To tmac57. You think I was cherry picking and then you cited a quote from NOAA about 2010 “The combined global land and ocean surface temperature was the warmest on record for May, March-May”. THAT was cherry picking by NOAA. It may suprise you to discover that a “year” consists of 12 months. The “year” measured to conclude 2010 was the coldest is measured from Jul 2009 Jun 2010. Why would NOAA have left out most of the months and only cite the few warmer months???? I say it was intentional and fraudulent. And the method used to perpertrate the fraud was “cherry picking”.

    • tmac57 says:

      GWTW-Are you being intentionally obtuse? I (not NOAA) deliberately cherry picked that statistic to illustrate the same kind of thing that you were doing by citing 1998 as an artificial endpoint to conveniently fit your cooling scenario. But this chart showing the trend since 1880 shows a long term trend of warming
      Notice that there are up and downward swings from year to year, but what is the long term trend?

  21. GoneWithTheWind says:

    Does it make any difference if either you or NOAA was the one cherry picking?

    I did not “cherry pick”. Cherry picking would be if I merely said 1998 was the coldest year in a specific period of time. What I said was that beginning in 1998 we entered a long and sustained cooling period (oddly even while CO2 continued to rise) and that topping it off 2010 was the coldest year since 1998. If that is “cherry picking” it is a damned big cherry.

    However I take your point that picking a point in time to begin collecting/reporting data can indeed make it appear that there is a significant trend when in fact there is none. Such is the problem for both the warmies and the deniers. We do not know if this the 33rd naturally occurring warming cycle since the last ice age is coming to an end or merely displaying mormal minor cyclical variations. I do try to not jump on the bandwagon too soon so I won’t be guilty of the same sin that the Warmies have committed. But don’t forget I merely used actual data to prove the fraud of the NOAA press release.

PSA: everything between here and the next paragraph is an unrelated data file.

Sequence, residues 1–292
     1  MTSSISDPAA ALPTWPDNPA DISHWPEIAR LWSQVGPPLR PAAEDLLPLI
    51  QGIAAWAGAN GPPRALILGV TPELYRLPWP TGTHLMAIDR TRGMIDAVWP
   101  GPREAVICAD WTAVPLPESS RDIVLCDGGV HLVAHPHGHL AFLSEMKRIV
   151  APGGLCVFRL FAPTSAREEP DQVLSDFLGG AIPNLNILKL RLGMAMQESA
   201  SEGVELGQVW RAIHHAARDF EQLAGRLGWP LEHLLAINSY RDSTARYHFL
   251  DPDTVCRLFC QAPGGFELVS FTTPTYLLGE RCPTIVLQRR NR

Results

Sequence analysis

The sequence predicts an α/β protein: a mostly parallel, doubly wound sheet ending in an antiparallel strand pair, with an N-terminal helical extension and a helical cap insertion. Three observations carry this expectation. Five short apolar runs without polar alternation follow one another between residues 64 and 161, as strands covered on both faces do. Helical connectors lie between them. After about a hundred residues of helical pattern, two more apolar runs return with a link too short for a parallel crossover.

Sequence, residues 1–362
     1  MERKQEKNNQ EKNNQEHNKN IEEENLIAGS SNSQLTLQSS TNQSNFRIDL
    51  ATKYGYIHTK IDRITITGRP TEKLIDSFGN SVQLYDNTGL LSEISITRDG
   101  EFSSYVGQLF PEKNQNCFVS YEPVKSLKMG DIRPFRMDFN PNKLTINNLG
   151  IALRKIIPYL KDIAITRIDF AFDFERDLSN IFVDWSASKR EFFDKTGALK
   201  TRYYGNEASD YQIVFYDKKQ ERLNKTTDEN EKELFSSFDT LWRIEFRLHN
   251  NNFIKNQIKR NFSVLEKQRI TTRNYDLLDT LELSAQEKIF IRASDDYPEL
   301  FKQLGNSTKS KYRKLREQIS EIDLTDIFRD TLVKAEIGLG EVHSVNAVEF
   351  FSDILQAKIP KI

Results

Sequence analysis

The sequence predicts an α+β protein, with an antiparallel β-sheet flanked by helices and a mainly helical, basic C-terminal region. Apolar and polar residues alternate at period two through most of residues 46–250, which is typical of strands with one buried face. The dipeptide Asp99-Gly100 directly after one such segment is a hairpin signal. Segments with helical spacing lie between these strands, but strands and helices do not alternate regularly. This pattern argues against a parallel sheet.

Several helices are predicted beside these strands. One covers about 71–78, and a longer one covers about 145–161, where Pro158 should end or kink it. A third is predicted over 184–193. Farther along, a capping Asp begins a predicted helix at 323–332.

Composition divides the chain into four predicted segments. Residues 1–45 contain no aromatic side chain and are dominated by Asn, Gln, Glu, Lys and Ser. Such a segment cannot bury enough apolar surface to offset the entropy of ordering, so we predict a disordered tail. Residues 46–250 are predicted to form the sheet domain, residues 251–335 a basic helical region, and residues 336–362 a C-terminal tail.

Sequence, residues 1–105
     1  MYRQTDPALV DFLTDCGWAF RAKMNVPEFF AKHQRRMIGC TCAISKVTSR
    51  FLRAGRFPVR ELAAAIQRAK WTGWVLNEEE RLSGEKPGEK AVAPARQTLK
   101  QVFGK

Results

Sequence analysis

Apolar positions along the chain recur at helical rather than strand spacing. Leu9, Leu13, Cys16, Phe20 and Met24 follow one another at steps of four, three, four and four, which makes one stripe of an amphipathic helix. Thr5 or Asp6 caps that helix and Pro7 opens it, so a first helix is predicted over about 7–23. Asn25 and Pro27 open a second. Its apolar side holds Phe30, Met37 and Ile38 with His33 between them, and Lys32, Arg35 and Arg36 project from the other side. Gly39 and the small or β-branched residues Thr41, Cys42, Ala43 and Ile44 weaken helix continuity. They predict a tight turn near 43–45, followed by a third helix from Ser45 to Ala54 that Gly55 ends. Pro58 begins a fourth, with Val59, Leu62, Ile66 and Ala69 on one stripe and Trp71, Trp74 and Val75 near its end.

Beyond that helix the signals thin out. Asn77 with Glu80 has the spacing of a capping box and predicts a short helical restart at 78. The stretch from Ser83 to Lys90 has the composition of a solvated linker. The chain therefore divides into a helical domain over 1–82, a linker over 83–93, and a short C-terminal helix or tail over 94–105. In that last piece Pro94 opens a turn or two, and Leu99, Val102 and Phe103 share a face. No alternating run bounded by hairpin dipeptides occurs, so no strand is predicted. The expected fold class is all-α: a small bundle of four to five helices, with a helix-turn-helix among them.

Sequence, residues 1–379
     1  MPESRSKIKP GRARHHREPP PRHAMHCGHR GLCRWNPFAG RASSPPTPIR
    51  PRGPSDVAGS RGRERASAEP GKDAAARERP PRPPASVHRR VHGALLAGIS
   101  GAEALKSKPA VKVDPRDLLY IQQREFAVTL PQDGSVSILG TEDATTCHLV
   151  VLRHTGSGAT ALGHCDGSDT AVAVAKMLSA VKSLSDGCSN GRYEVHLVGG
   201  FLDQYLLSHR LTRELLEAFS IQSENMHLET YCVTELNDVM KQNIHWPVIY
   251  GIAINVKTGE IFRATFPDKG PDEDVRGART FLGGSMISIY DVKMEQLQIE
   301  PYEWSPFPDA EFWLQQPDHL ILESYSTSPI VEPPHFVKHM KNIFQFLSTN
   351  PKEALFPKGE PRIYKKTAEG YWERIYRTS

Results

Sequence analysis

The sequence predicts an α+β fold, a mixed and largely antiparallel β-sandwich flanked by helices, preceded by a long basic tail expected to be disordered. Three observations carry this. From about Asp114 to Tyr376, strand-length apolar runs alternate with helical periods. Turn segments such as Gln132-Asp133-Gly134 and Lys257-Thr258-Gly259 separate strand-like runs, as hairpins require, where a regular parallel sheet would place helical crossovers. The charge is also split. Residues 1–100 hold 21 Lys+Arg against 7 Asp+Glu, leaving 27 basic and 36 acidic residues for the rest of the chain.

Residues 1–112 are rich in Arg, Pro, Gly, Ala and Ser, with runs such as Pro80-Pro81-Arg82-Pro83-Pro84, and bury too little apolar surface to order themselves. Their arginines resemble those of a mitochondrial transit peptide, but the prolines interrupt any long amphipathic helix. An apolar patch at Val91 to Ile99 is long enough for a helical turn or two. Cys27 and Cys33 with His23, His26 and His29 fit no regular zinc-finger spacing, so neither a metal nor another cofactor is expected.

• Max says:

      You actually looked at the graph and can’t deny the obvious warming trend. Good, you’re ready to take the step from Global Warming denial to AGW denial.

  22. Andy Dent says:

    “Specifically, there were charges that the CRU did not have backups of data they relied upon for their conclusions. But the CRU was never the primary source of this data – they simply aggregated and analyzed it. The primary data has always been available from the sources”

    The CRU published summarised results from their own derived data, they were not simply republishing the primary data.

    If you are adding value to data by some processing steps and refuse to publish the intermediate data you are making it impossible for others to repeat your calculations and verify your summarised results.

    Repeatability is the heart and soul of scientific acceptance.